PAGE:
EDDM – Great Value to Reach a Local Market

UPDATE Apr 26, 2016: Current EDDM postage is 17.6¢ each.
A few years ago, the U.S. Postal Service introduced Every Door Direct Mail (EDDM). It’s a great option for businesses trying to reach a local audience. EDDM postage (17.6¢ each) beats traditional direct mail postage, which cannot be calculated by mere humans. (Okay, that’s not true, but standard postage is egregiously complicated. Let’s say you’re lucky if it’s 21¢ each, but it can run 28¢ and higher, and you never know until we process your mailing list.) Plus traditional direct mail requires a mailing list (starting at $200 if you don’t have one) and processing (starting at $125). Of course, EDDM has limitations.
  • Size and Weight The piece has to meet EDDM size and weight criteria, but that’s fairly easy.
  • Can’t Select Individual Recipients You can’t select individual address, and you can’t split routes. You mail to entire routes only (a few homes to thousands of homes each).
  • Daily Limits You have to mail at least 200 per mailing and no more than 5000 per day.
  • Take Mailing to Delivering Post Office You have to take your mail to the delivering post office or ship it to each post office.
  • Preparation The paperwork has to be prepared, and the mail pieces have to be bundled in 50s or 100s.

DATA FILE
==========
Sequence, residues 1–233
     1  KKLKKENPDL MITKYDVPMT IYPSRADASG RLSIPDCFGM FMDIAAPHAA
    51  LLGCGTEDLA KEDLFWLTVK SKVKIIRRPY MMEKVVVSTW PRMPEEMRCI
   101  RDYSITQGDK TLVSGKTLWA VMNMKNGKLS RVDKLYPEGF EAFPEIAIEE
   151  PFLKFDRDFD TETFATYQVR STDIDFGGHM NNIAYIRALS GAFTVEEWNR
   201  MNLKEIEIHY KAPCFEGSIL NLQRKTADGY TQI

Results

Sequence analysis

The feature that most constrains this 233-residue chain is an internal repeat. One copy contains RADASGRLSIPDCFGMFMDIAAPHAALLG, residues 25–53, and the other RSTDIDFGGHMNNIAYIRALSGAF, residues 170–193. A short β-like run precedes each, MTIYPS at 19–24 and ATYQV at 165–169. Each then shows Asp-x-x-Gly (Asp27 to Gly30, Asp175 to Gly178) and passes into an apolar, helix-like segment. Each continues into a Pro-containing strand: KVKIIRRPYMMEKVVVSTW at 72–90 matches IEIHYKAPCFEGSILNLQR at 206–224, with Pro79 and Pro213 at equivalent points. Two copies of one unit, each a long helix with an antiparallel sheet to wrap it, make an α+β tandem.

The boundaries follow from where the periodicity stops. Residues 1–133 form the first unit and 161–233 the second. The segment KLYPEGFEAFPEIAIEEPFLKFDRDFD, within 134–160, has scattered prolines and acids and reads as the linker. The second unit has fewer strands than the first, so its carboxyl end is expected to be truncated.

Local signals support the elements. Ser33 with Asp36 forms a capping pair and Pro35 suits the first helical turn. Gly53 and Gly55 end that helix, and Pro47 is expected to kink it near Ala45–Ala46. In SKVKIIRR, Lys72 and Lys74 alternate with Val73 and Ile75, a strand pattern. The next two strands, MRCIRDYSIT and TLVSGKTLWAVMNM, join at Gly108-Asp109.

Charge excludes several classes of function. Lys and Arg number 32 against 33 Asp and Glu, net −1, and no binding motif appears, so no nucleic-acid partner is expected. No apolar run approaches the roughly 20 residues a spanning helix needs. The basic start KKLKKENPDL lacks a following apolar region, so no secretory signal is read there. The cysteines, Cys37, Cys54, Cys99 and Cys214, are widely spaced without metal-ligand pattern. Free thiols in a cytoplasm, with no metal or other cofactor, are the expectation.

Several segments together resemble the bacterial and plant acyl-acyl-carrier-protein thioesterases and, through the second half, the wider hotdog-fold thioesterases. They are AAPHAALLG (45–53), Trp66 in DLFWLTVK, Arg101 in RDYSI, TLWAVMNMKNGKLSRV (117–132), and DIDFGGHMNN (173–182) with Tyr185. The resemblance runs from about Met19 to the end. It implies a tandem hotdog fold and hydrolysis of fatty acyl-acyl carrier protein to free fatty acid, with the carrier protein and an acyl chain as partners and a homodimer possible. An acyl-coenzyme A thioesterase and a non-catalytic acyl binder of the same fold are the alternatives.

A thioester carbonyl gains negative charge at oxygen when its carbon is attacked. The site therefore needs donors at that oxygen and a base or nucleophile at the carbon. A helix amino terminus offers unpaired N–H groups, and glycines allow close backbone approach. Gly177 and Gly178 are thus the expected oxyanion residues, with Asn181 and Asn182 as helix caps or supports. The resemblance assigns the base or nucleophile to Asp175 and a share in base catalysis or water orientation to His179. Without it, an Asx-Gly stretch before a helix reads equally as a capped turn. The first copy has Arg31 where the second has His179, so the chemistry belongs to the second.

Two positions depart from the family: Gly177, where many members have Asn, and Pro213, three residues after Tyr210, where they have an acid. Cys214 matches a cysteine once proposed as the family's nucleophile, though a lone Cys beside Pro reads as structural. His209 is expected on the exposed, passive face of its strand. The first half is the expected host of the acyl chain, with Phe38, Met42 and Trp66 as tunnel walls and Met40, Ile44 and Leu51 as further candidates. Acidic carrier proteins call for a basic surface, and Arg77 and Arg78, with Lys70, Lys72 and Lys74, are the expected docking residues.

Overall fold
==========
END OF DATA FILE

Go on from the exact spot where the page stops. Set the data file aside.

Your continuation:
EDDM is not the perfect solution for all businesses, but it’s a good option for any business trying to reach local homes and apartments.
  • restaurants
  • churches
  • brick-and-mortar retail stores
  • car dealers
  • salons
  • home services
  • medical offices
  • car repair shops
It’s also good for reaching residences anywhere in the US, but that requires shipping your mailing to the delivering post office. Nonetheless, it can be a valuable option in some situations.

Comparing EDDM and Standard Direct Mail

Here’s a quick comparison chart.
EDDM Standard Direct Mail
Postage 17.6¢ as of April 2016 It’s complicated. Let’s say 21¢ each and higher.
Mailing List 0 Starting at $200
Mailing List Processing 0 Starting at $125
Can select individual homes No Yes
Can select homes based on demographics Whole postal routes only Yes – Location, age, income and lots more options
Can select businesses Limited. Most routes include more homes than businesses. Limited number of routes have only business addresses. Yes
Send to Named Individuals No Yes

Basic Steps

Here are the basic steps.
  1. Create your printed piece to EDDM specs.
  2. At USPS.com, create an account.
  3. At USPS.com, create a new mailing, select the neighborhoods/routes you want to reach and print your paperwork.
  4. Bundle your mailing with the paperwork.
  5. Take your mailing to the delivering post office and pay 17.5¢ each or pay online when you place the order.
EDDM has a few important specifications like size, paperwork and bundling. You can find more information at the USPS website.

The Bottom Line

EDDM is a cost-effect way to reach homes, especially for businesses with a local market. You can find more information at the Postal Service EDDM website. Of course, Pacesetter Media can print your postcards and take care of your direct mail project from start to finish. Call (813) 685-9206 for more information.